I admit that I am a techno-geek. I also spend approx. 4 hours a day in the stacks here at Regenstein. And some readers of CM have complained that there is not enough "tech" and lots of "history". The actual word of complaint was "shibrum-shibrum". To placate that reader I offer this news about robotic librarians as a sign that history and technology can indeed mesh in my twisted skull:
I don't see this impacting the role of the librarian but the work of hundreds of work-study students. My question is how will the OCR treat non-English text? And will this intervention of the AI give us newer ways of cataloguing and stacking?
And as to my reference to Historians....
2. Take the algorithm that runs Google News which aggregates information without any human intervention.
+ 2. Add to it Amazon's A9 engine which has hundreds of thousands of books scanned.
= Wait patiently for the AI to improve for the next 5 years.
4. VoilÂ·. A Historian Engine that can process through any set of academic data and spit out a rational, logical arrangement of facts and analysis. No?
Ok. I know I am reaching here but given that most mechanical jobs have or will soon be lost to robotic industry, how long before the Ivory Tower comes under seige? Do the publishing industry really needs a Ph.D. to come out with A Quick Guide to Irish History when a program can arrange the facts into a simple narrative?
We already have the AI to piss off republicans.
ok this 2+2=4 can be a good idea; but these robolibrarians will only be good enough to carry book bundles from one place to another, and they can also barcode all the books so its easier for it to fetch too, no text reading required . But... now how many poeple 'actually' go to the libraries; as in its not like Â¥the old times, go and sit and read etc etc. everything is online (most of it), articles, journals, research etc.. even the books. some libraries here(DK), have huge databases on their main website, you just order/reserve the book and it comes to your mailbox..simple..this might be the case for science and engineering and totally NOT for some 'shibrum-shibrum' subjects like : HISTORY... and all about robots at http://www.chapatimystery.com/archives/realbots.html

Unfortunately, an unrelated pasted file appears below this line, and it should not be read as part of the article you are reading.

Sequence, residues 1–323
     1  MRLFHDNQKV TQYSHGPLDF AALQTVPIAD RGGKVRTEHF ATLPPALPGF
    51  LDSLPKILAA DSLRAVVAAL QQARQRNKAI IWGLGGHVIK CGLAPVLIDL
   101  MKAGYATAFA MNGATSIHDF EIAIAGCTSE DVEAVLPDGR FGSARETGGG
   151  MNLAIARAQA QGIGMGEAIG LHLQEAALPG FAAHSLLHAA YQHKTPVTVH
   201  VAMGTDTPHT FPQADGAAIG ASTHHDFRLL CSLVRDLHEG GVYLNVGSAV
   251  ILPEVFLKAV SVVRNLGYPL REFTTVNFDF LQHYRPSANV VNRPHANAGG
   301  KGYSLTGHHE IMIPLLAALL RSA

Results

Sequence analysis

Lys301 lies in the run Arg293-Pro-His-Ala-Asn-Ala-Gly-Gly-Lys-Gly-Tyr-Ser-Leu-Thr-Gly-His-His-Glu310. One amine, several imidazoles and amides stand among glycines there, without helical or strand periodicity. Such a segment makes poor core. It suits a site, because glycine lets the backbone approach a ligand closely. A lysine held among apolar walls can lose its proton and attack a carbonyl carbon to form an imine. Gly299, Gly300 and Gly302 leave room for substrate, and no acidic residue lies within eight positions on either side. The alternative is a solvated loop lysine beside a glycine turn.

Interesting.... The robot-replacing-worker situation that's been hitting the lower rungs of the ladder may be coming to an Ivory Tower near you. What's also interesting is that tech PhD's might end up putting 'paper' PhD's out of business. Ha! btw, i thought you hated the term 'Ivory Tower'
A9 uses Google's search engine as it's backend - so theoretically at least, adding that interface to Google News is a distinct possibility. Anyway, perhaps as a techno-geek and a historian interested in libaries(naturally) , you would like to know about Dspace - an advanced digital library system. One of it's main goals is to preserve digital works over the long term. As for the robot, it can identify a book based on a stored image of it's cover or a barcode strip - matching it with the image on the book - or by it's location - or by RFID - and once a book has been identified, information related to the primary key (book no?) can be extracted from a digital repository - like DSpace. The work study kids can now move on to IT jobs - maintaining and developing DSpace like me, instead of manual labor ;)
kiddo: i need to move to mit. can you put in a good word for me? they may be looking for a historian who wants to muck around in code all day. here's to dreams
Sure, as soon as I get in there myself ;) I work at the other Tech right now .... DSpace is an open source project so you don't have to be at MIT to work on it :)